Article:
I went down to the Crossroads – the story of my Clarksdale 2

Where were we… Oh yes, I was in Clarksdale, had nowhere to go for the night and sat comfy getting started with playing some music in lunch bar’s front porch. Right before I started, a guy had sat next to me, offering me to stay with him and his friends in the condominium they’ve rented for two nights. He was a drummer. I don’t trust them. And a biker. Come on, if you’re a woman traveling alone you don’t stay with them (drummers or bikers) for a night! After short conversation he went away and I started playing.

With my second song, a car stopped down the road, two man and a woman came out of it with film equipment and came up to me with their story.

They were a TV from Chicago, shooting a documentary about the Blues Trail. Of course Clarksdale was important – that’s where the ‘Crossroads’ are, that’s where the blues was born. That’s apparently where the blues is still cultivated.

What they wanted from me was to appear in their movie, playing in the streets of Clarksdale and telling the story of my travels. And that I did.

A few minutes after they went away, a nice looking gentleman in his 40ties sat next to me, so as to listen. We talked about the music with breaks for playing it, the waitress was bringing me new drinks, the guy was getting more and more kind. He said he wouldn’t give me money for my music, he would buy me a ticket to the Delta Blues Museum (which we both planned to see) and a lunch. Yeah, why not.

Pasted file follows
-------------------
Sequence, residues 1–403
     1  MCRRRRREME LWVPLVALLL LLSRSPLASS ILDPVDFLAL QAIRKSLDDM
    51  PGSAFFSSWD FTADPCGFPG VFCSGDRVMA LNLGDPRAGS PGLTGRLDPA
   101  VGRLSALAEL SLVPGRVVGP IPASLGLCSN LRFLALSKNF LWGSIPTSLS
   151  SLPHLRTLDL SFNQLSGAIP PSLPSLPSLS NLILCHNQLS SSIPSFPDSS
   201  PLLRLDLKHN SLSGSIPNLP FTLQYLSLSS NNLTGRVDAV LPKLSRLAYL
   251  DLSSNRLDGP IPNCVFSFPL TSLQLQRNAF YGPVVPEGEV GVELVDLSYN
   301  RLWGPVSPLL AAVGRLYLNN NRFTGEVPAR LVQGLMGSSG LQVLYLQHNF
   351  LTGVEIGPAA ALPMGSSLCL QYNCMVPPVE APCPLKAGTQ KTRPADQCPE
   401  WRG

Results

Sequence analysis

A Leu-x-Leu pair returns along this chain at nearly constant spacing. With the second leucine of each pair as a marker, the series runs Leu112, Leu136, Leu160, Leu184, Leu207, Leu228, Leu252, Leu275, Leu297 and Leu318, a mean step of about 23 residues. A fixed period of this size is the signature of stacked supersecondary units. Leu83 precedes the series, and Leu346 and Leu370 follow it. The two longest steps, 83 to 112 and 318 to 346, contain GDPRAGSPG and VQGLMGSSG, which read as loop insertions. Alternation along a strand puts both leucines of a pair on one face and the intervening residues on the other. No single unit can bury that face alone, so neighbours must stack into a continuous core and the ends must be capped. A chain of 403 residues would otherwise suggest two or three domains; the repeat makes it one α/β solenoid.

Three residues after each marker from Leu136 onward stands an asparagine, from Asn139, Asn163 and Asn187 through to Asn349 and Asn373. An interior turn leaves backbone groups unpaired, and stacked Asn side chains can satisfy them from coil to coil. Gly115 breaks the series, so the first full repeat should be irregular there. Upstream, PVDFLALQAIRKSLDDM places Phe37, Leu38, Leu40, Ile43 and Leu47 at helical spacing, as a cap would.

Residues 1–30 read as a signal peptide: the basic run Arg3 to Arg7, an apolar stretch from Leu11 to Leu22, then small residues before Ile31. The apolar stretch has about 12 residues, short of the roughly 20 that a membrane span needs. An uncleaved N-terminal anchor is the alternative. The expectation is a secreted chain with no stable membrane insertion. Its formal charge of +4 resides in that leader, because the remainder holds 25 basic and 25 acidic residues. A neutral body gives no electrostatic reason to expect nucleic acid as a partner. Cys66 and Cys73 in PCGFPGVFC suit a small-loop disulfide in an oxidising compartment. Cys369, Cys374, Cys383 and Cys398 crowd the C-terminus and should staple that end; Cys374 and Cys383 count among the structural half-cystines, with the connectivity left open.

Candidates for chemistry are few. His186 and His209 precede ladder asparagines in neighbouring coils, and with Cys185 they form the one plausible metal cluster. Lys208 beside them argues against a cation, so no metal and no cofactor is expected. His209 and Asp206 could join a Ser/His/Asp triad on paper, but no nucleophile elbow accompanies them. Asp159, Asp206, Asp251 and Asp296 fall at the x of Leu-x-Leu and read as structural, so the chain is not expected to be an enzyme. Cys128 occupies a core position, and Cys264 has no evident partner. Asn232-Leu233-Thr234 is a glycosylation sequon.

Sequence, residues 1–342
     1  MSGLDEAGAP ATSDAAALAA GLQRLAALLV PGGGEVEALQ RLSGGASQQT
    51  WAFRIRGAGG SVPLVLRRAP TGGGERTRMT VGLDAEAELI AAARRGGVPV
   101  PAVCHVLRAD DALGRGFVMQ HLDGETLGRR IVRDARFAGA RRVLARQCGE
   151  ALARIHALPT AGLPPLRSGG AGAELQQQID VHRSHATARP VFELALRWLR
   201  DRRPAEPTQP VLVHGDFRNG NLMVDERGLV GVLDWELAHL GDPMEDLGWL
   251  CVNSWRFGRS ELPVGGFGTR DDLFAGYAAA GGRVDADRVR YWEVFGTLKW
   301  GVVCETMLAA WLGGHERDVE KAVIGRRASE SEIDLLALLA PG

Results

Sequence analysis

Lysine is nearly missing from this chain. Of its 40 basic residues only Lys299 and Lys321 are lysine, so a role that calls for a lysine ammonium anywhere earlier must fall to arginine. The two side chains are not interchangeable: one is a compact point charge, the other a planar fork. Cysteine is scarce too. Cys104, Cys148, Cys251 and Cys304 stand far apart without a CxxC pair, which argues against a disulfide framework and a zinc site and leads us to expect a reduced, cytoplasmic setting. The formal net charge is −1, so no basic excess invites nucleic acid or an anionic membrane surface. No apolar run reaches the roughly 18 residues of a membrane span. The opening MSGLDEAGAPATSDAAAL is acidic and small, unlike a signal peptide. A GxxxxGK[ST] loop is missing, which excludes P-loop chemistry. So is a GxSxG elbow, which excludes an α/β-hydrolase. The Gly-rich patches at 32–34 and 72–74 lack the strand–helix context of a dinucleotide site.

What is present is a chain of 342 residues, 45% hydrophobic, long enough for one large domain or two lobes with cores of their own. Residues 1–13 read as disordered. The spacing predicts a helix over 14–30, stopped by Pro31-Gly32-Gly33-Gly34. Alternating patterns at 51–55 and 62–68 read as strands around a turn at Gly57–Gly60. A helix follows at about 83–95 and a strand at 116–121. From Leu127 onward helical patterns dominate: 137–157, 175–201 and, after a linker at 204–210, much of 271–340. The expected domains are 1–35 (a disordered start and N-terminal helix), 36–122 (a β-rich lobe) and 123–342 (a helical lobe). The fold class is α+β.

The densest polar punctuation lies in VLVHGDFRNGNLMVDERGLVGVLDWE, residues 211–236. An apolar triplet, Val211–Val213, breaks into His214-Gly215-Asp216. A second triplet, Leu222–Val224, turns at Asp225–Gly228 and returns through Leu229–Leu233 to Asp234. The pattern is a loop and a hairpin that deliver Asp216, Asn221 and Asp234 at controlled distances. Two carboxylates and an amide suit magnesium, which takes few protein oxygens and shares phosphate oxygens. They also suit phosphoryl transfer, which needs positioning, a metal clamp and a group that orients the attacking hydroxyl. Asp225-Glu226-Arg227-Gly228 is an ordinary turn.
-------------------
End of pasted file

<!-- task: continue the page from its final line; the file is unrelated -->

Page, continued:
The musem was really neat. I wouldn’t call it impressive but it was definitely good. It’s address was 1 Blues Alley. There was a really neat Muddy Waters part; actually, Muddy was everywhere, his lyrics written on the walls, he’s spirit somewhere in the owner’s heart. Neither of us were massive fans of Muddy though.

The guy wanted to teach me about the blues, but quite soon he realized that he didn’t have to. I still don’t remember his name, I don’t think I’ve ever remembered it after he said it. We didn’t like same things and enjoyed same things about the blues and the music in general. It was a nice experience. I took some time for watching Muddy and Pinetop Perkins on stage. He took some time watching Charlie Musselwhite’s (a Cherokee’s son born in KOSCIUSZKO, MS) harmonicas and went to grab some food. Told you – it wasn’t that impressing. But if you go down there, you should definitely see it yourself.

The gentleman offered I could stay with him for the night in Memphis and that he would be reserved but there was no point in going back to Tennessee. And again – I’m a girl alone out there, you just don’t do some things not being 100% sure of them. It was really nice of him but I said ‘no, thank you’, took my stuff out of his trunk where I stored them for some time and followed the map going to a privately owned hotel where I would try making a deal of ‘cheaper room for helping with room service’ kind.

Half way to the hotel I heard the music coming out from a street I shouldn’t have really turned into but… why not? It’s music being the reason why I came down to Clarksdale at all. I mean it wasn’t for the wonderful hotels or the beaches. So I just took the other way and met Deak doing basically that: